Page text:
SQM heralded some revival in its potash division, after a fall of more than 20% in profits from the nutrient, although the forecast failed to disperse the clouds that many analysts have over the company's shares.
The Chilean fertilizer-to-lithium group, unveiling group earnings down 41% at $152.1m for the first half of 2014, on revenues down 11.2% at $1.06bn, attributed its worsened performance to "significant challenges" in both its nutrient and chemical operations.
In industrial chemicals revenues fell 45% to $60.6m, and in iodine by 28% to $183.3m, outpacing a 5.5% drop to $299.6m in potash sales.
However, while the iodine division faces the prospect of continued weak prices of the element, used in X-ray technology, liquid crystal displays and pharmaceuticals, the group forecast better times for its potash division which, like rivals, suffered from fallout of last year's break-up of the Belarusian Potash Company cartel.
Russia's Uralkali in July last year broke-up the cartel, which controlled more than 40% of world potash trade, prompting a collapse in values of the nutrient.
Patricio Contesse, the SQM chief executive, said that potash prices had "stabilised" during the April-to-June quarter, with the group "seeing signs that prices may begin to recover in the coming months".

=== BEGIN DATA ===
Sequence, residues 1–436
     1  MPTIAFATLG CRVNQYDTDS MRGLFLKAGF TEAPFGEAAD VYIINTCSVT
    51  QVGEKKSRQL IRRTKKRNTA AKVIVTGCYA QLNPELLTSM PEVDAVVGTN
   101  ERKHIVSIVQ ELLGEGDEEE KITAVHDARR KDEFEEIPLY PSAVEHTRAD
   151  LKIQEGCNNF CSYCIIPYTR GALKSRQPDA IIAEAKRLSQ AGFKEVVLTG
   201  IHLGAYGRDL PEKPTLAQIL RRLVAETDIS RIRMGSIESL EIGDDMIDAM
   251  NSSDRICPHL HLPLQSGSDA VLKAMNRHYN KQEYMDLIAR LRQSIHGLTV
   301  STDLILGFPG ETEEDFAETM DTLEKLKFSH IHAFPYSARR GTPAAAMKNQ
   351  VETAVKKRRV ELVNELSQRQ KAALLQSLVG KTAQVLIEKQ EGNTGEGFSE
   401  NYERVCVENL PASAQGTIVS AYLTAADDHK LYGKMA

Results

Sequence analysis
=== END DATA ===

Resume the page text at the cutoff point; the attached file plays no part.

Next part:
Indeed, prices have already risen "slightly" in Brazil, the group's most important potash market, prompting SQM to believe that this "pricing trend could continue in coming quarters".
Furthermore, the group forecast a continuation in its jump in sales volumes, which rose 23% in the first half of the year, to 837,700 tonnes, offsetting, in revenue terms, most of the impact of lower prices.
"In any case our cost position allows us to remain very competitive in this market," Mr Contesse said.
Nonetheless, shares in SQM, which exploits ore reserves in the Atacama desert, edged 1.2% lower to $27.79 in afternoon deals in New York, amid some scepticism over the prospects of any substantial potash price recovery.
"We maintain our underperform recommendation and expect lower potash prices to continue throughout the year," said CrediCorpCapital.
At LarrainVial, Vincente Rodriguez restated "sell" rating on SQM shares, saying that the results were "slightly" below his expectations, and forecasting that "low potash prices are here to stay".
At ItauBBA, Giovana Araujo restated an "underperform" rating on the stock, with a year-end price target of $28.00, citing a "negative" outlook for prices of potash and iodine.
"The decrease in global grain prices is likely to jeopardise any major recovery in potash prices this year," Ms Araujo said.